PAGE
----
Protesters Clash Over Proposed Peru Abortion Law Change
As a Peruvian congressional committee met Tuesday to review a bill allowing limited exceptions to the country's ban on abortion, hundreds of protestors both for and against the measure demonstrated outside. The proposed law would legalize abortion in cases of rape, incest, or fetal deformity, according to the BBC. Currently abortion is illegal except when the mother's life or health is endangered by the pregnancy.
The Roman Catholic Church's strong opposition to the bill led the committee to backtrack on its original October 7 vote to send the bill to Congress for debate and instead complete a "technical" review of the legislation this week, reports the Agence France-Presse. On Tuesday the committee again voted to send the bill to Congress.
Protestors in the streets of Lima shouted slogans and clashed with riot police. One woman in support of the bill told the BBC, "As citizens-as women that are citizens-we are asking Congress to really talk about this and really think about the women, not about the religious ideologies or the conservative ideologies." Women's groups in Peru report that 376,000 illegal abortions are performed nationwide each year, according to the AFP.
Peruvian Cardinal Juan Luis Cipriani, who has spearheaded the Church's lobbying efforts against the bill, calls the measure a "death penalty for the innocent," reports the AFP. A poll released Sunday showed that a slim majority of Peru's population opposes the bill.
Amnesty International has encouraged the Peruvian government to pass the measure and take further steps to legalize abortion. In a press release the organization states, "A woman or girl who has already had her human rights violated as a result of rape, sexual assault or incest must not then have her rights further violated by being criminalized for seeking an abortion...Amnesty International believes that in order to eliminate unsafe abortions and other violations of women's rights, all laws which permit the imprisonment or imposition of any other criminal sanction on women for seeking or having an abortion must be repealed."
Media Resources: BBC 10/21/09, Agence France-Presse 10/20//09, Amnesty International 10/20/09
8/28/2015 Alaska Court Protects Abortion Access for Low-Income Women - The Alaska Superior Court struck down a state law yesterday that would have severely limited abortion access for low-income women in Alaska.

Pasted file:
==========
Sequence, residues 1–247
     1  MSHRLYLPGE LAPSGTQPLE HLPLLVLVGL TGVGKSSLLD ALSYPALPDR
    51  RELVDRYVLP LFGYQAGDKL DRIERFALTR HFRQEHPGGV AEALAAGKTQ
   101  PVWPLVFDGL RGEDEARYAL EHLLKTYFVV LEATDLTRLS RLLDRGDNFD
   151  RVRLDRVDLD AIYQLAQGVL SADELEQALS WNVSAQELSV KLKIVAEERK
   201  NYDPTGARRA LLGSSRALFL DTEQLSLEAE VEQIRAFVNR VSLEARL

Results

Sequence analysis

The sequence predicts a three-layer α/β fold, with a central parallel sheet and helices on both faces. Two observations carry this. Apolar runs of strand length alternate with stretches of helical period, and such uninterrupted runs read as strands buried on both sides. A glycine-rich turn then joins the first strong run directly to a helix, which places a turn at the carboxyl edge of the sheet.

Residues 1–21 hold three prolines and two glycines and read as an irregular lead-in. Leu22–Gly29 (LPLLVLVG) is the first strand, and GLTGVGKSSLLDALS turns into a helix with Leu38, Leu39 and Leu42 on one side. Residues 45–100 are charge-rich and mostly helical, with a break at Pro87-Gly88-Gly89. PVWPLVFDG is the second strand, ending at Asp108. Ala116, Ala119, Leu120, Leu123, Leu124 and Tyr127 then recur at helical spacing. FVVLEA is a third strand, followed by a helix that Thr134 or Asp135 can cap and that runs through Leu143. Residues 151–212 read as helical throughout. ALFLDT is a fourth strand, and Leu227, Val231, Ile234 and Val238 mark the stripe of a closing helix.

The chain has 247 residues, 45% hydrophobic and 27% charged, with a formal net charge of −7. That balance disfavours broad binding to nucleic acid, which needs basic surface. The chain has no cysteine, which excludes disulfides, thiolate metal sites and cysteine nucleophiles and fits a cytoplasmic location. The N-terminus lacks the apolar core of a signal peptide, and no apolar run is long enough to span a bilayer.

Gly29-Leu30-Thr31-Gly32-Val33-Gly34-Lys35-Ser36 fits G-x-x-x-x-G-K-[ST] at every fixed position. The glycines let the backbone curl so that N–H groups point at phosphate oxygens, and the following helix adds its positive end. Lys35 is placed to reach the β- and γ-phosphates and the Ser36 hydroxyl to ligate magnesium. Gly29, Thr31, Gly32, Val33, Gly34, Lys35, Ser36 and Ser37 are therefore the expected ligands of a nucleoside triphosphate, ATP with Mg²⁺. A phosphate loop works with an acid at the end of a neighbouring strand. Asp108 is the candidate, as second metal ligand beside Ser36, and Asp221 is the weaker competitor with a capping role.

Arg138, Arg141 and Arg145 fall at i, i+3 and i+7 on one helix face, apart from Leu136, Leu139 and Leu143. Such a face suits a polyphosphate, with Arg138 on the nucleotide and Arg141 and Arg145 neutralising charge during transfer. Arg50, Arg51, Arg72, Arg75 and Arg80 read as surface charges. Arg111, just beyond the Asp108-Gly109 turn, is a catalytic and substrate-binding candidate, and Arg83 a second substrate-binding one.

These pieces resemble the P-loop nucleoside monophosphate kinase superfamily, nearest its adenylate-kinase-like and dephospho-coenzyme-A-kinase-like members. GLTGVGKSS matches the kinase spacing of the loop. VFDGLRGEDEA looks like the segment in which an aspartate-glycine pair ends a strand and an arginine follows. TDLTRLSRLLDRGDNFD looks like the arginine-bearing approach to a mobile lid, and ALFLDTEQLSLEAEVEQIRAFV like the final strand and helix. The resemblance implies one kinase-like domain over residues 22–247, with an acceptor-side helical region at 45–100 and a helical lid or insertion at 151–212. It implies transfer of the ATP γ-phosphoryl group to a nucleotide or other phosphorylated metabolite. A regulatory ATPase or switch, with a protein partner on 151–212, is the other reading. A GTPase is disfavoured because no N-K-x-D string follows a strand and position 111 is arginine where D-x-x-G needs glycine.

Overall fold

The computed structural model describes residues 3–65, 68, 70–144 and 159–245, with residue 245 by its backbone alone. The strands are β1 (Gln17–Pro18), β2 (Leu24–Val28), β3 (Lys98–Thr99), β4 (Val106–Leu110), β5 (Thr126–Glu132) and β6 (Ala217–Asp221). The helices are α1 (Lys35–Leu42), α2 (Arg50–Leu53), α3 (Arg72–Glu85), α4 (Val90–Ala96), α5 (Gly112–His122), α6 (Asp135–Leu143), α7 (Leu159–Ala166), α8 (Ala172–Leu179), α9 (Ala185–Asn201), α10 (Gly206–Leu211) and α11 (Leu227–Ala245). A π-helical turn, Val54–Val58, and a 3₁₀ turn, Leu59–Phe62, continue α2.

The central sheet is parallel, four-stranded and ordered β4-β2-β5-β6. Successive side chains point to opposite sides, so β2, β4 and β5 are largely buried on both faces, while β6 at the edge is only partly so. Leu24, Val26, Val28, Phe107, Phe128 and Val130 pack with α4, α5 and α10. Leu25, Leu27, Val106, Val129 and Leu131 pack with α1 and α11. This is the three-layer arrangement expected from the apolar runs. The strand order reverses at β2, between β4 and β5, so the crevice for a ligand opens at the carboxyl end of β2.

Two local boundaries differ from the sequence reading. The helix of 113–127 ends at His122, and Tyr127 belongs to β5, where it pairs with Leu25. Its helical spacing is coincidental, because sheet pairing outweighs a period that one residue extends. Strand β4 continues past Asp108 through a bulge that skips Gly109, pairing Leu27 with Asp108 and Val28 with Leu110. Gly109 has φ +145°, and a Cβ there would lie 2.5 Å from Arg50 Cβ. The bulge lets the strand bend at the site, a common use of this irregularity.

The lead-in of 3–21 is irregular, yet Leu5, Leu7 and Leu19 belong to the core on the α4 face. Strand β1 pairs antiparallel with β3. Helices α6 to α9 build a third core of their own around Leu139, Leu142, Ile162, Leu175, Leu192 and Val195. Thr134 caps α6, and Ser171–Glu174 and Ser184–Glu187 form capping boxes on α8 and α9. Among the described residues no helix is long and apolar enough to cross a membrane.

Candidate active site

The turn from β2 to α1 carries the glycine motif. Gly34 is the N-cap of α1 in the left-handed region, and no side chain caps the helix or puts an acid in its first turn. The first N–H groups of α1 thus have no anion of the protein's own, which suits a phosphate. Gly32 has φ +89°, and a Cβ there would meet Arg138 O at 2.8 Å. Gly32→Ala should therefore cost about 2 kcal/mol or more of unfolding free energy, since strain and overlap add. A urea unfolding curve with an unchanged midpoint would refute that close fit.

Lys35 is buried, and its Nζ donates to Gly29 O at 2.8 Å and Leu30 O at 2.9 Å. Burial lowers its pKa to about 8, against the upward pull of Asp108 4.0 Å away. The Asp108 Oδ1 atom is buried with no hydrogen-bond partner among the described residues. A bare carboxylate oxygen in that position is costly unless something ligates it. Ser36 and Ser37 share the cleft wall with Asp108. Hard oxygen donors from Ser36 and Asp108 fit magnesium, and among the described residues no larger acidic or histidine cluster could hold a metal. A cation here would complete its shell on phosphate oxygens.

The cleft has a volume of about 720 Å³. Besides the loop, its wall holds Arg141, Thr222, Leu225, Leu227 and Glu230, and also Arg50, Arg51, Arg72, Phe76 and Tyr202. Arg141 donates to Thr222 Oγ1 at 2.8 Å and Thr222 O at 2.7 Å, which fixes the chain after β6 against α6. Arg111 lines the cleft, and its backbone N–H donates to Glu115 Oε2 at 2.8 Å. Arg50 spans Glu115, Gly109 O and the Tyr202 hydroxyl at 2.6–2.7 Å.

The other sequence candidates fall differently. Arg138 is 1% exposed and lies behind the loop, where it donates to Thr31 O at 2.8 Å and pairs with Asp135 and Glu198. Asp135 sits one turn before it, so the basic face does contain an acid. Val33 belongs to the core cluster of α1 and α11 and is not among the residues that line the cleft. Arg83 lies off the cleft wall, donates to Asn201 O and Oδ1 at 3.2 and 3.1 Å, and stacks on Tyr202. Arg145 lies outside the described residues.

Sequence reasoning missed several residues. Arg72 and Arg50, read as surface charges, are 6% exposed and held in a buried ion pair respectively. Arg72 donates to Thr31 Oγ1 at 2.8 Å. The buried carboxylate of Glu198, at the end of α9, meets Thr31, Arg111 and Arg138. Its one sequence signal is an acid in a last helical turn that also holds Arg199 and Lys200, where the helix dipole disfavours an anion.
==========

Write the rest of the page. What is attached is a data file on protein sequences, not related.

The state's Superior Court also struck down a Department of Health and Social Services regulation that placed narrow specifications on Medicaid coverage for abortions, requiring that Medicaid-funded abortions be determined by a physician to be "medically necessary." Last year, the Center for Reproductive Rights, the American Civil Liberties Union, and Planned Parenthood sued on behalf of the Planned Parenthood of the Great Northwest, claiming that the narrow definition of "medically necessary" arbitrarily established conditions designed to restrict the ability of low-income women to access abortion services.
The law was temporarily blocked last July by an Alaskan state court judge.
Superior Court Judge John Suddock ordered yesterday that the state be blocked from implementing this regulation, ruling that it placed an undue burden on low-income women seeking abortion services in Alaska.
"By providing health care to all poor Alaskans except women who need abortions, the challenged regulation violates the state constitutional guarantee of 'equal rights, opportunities, and protection under the law'," the ruling read.
"We applaud the superior court for striing down these cruel restrictions on women's health and rights that violate the Alaska Constitution," said Chris Charbonneau, CEO of Planned Parenthood of the Great Northwest and the Hawaiian Islands. . . .
8/26/2015 Saudi Women Prepare to Vote for the First Time - The fight for gender equality is making slow but notable progress in Saudi Arabia, where women will be allowed to vote for the first time in upcoming December elections.
This shift in Saudi law came in 2011, when a royal decree announced that women would be allowed to vote and run in local elections beginning in December of 2015. . . .